Arukhe… Laundering Nigeria's Image Through Academic Excellence (allAfrica.com)

“EXCELLENCE is the result of caring more than others think is wise, risking more than others think is safe, dreaming more than others think is practical, and expecting more than others think is possible.” – Ronnie Oldman
The above assertion applies to Dr. James Ohioma Arukhe, a young Nigerian, who steadily has shown like million stars in the firmament, and he making history with every academic pursuit. From his undergraduate days at the University of Benin, Edo State, Nigeria, where his outstanding academic performance earned him Chevron/NNPC Scholar in Petroleum Engineering from 1984 – 1989, his academic excellence and brilliance as well as his working career, has helped put Nigeria on world map.
Between 1992 and 1995, he came tops in his class and in the entire MBA in Business Administration programme at the University of Lagos, graduating as the best executive MBA student (Marketing Specialisation). Again, between 2007 and 2009, his unparalleled academic performance saw him finish his master’s of science (M.Sc) Chemical & Petroleum Engineering programme as summa cum laude with a 3.88/4.00 GPA (Distinction) at the University of Calgary, Alberta, Canada.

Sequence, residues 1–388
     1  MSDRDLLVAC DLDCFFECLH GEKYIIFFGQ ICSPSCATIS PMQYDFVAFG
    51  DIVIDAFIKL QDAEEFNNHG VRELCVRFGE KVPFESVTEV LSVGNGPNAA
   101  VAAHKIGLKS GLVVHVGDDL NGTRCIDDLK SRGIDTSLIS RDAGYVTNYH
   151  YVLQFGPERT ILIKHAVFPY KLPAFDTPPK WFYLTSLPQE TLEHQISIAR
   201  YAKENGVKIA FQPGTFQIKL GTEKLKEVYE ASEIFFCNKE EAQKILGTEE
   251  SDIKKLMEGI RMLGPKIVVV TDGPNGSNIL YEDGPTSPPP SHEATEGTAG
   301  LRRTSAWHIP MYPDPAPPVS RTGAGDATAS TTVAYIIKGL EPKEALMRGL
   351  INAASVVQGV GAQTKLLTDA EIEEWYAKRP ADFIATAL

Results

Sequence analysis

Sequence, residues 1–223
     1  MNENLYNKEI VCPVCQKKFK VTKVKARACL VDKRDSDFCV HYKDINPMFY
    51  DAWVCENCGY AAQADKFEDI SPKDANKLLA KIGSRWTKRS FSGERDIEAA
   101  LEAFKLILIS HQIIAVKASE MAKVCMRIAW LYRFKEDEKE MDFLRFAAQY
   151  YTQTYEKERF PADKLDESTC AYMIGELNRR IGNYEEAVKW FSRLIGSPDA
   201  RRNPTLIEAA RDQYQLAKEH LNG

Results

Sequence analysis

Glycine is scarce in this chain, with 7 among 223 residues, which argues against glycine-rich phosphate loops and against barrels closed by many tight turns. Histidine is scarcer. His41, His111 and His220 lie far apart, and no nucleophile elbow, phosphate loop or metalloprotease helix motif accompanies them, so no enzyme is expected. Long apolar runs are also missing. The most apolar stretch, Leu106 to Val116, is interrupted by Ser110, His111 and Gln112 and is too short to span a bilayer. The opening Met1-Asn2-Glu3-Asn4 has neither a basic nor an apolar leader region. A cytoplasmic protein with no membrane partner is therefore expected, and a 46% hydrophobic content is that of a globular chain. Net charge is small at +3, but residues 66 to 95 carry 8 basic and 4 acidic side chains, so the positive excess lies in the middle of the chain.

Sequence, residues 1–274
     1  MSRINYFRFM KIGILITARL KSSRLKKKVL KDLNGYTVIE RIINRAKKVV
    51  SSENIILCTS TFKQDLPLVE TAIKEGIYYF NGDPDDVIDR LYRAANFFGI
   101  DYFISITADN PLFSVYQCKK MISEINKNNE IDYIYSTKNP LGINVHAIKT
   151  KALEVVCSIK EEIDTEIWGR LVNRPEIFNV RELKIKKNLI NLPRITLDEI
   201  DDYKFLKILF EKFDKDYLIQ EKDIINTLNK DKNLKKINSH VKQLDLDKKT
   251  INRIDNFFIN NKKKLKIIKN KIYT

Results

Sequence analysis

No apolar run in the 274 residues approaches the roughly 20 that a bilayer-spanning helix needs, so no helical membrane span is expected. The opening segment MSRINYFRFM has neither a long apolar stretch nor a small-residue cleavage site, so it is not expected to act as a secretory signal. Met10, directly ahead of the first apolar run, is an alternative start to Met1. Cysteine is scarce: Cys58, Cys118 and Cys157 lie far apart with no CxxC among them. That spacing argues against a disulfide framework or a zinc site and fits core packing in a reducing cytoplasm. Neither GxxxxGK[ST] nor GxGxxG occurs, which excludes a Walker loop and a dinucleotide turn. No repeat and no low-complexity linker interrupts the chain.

With this feat, he became the pioneer (first) graduate student at Tight Gas Engineering Research Group at the University of Calgary and teaching assistant in the Unconventional Gas Exploitation and Naturally Fractured Reservoir courses at the University. Also, the academic achievement earned him the ConocoPhillips/NSERC/AERI scholar, Alberta Advanced and Technology Graduate Scholar; thus, he became first to graduate from the group in November 2009.
Still hungry for knowledge, Arukhe pursued a doctorate degree programme in Management, with specialisation in Organisational Leadership at the University of Phoenix, coming out with a 4.0/4.0 GPA. Though, it took him almost four years to finish the course, it was well worth it, as he continually put forth all his efforts to excel both in his professional and personal life as a tenacious leader and as a responsible family man. On March 27, he will be attending his doctoral conferment ceremony at the University of Phoenix, Arizona, USA.
As a life-long learner, an educator and an engineer par excellence, who firmly believes that one’s consequences of actions are eternal, Arukhe as a globally competent professional has been accustomed to practicing ways and cultivating habits that would lead to a desirable future.